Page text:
Michael Jordaan’s Bank Zero prepares to shake up the banking system
Innovator and venture capitalist says the start-up is declaring war on business banking fees
Banker-turned-venture capitalist Michael Jordaan has vowed that his newest creation, Bank Zero, will compete fiercely in the business banking space.
“We have made it clear we want to attack banking fees,” he told Business Day in an interview. “But not everyone has latched onto the fact that we are going to be attacking high business bank fees, especially the exceptionally high card transaction and electronic banking fees companies incur.”
Bank Zero has now been integrated into the country’s national payments system, allowing it to compete on “an equal footing with the big guys”, he says. The bank, which has started trial runs for staff, plans to launch in mid-2019.
Bank Zero is one of four new banks expected to launch in SA as technology enables new ventures to launch at lower cost. The others are TymeDigital, for which Patrice Motsepe’s African Rainbow Capital Investments has made a takeover offer; Discovery Bank; and the Post Office’s Postbank, which will be allowed to offer a wider range of services.
Jordaan, who stepped down as FNB CEO at the end of 2013, said the degree to which operating systems for virtually any sort of business could be accessed for free through open-source software had drastically lowered the cost of launching the bank.
“The world has changed completely. To buy a whole mainframe and system was such an expensive undertaking a few years ago, but now you can access software and systems that are well designed, secure and reliable, virtually for free. And that is why the IT spend of Bank Zero works out to approximately 1% of 1% of what it cost to run an IT system when I was CEO of a bank. This allows us to charge lower fees and survive on smaller margins.”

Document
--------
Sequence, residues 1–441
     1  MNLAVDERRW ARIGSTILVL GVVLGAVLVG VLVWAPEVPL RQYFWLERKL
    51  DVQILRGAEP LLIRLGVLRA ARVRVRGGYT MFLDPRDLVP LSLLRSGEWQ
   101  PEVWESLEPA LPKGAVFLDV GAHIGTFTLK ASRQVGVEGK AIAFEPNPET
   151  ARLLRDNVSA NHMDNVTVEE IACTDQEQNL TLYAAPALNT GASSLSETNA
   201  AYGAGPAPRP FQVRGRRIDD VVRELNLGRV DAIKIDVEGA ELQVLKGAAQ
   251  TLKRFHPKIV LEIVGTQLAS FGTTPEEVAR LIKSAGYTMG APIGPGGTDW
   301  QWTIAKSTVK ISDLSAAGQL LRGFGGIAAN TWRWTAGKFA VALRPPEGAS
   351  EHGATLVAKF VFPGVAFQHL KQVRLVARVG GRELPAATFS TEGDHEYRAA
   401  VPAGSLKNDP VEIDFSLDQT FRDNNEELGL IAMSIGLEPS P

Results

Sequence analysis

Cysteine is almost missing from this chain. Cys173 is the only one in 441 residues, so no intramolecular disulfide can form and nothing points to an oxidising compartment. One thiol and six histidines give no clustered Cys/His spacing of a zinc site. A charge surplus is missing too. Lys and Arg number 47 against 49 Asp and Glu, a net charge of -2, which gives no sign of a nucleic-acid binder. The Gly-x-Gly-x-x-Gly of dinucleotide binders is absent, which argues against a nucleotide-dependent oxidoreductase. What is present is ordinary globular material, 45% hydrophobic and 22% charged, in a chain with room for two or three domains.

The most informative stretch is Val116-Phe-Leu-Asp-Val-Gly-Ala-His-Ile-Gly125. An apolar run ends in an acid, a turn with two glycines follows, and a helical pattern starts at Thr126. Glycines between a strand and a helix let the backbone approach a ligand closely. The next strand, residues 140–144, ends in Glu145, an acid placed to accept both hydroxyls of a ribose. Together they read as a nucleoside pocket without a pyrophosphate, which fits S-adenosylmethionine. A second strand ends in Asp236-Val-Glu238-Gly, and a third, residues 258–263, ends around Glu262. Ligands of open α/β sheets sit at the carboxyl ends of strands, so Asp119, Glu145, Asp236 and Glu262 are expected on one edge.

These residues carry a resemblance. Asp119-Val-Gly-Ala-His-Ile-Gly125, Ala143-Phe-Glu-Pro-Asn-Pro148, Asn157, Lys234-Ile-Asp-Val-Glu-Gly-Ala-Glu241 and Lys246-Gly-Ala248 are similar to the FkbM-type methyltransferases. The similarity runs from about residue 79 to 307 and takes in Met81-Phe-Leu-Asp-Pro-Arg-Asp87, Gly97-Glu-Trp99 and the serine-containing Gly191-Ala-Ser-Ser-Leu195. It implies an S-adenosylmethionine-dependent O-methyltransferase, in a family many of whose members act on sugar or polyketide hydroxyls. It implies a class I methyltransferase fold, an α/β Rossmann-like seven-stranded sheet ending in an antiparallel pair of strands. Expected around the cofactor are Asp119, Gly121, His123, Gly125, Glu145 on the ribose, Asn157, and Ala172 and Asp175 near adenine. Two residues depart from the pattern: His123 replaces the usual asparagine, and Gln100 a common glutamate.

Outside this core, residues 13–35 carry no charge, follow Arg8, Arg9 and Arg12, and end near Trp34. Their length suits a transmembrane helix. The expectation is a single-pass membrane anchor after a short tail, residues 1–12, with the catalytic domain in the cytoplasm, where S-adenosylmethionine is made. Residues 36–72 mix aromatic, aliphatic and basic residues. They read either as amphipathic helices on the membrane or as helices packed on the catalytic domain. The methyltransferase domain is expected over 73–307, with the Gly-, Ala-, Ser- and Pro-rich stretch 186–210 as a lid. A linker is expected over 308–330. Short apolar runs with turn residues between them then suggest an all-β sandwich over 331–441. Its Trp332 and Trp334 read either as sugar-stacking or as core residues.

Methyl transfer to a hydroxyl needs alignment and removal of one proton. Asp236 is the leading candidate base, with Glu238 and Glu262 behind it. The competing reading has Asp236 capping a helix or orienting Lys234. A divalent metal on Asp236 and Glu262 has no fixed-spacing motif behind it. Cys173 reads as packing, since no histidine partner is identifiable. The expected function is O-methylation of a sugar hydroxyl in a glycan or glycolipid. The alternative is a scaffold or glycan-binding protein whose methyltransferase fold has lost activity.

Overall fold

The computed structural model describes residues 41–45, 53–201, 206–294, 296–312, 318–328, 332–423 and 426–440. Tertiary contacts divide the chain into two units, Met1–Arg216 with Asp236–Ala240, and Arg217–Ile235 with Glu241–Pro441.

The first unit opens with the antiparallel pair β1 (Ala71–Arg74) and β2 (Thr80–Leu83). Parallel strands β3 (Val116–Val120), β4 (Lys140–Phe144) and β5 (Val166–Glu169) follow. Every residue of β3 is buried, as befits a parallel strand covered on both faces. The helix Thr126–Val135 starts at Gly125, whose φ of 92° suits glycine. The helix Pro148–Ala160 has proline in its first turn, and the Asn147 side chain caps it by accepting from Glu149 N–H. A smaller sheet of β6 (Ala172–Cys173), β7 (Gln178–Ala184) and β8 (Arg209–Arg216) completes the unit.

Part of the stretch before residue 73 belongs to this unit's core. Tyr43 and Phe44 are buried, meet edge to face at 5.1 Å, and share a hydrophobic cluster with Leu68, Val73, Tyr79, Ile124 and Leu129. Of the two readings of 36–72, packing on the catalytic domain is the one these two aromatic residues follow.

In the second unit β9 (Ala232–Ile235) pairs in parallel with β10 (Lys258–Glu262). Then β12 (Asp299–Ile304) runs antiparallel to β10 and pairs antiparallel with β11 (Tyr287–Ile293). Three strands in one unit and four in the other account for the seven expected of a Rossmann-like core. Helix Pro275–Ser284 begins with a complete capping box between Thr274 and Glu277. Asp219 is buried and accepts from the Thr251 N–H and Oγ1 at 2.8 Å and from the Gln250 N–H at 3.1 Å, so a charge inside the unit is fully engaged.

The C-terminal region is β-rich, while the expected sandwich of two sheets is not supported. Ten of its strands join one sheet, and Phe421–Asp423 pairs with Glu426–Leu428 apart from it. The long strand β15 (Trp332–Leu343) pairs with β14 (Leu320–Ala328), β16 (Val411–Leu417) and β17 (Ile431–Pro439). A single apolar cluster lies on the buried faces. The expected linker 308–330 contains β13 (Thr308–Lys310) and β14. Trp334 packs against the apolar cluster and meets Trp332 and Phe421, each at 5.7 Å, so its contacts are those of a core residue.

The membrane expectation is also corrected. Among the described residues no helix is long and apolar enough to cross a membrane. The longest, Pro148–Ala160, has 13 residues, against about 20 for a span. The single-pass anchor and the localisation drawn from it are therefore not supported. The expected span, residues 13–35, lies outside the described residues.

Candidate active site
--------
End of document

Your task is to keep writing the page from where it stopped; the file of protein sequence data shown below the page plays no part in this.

True to form, innovation will be a central part of the new bank. Jordaan says there will be 14 features in the bank’s offering that will be new to the market, but for now he is staying mum on exactly what this will comprise.
Despite the very public failing of VBS Mutual Bank, Jordaan indicates he remains satisfied the mutual bank structure is the correct one from which to launch Bank Zero.
“VBS is a disaster, but management were corrupt, and both the internal and external audits failed, as well as the bank’s compliance department and board oversight. So it is not the mutual bank structure that has failed. But if anything, it will make people pause to think where they invest their money. We are not going to be doing any lending, just offering savings products and transactional banking, so a very simple and low-risk model, which may even benefit from a move to safer deposits.”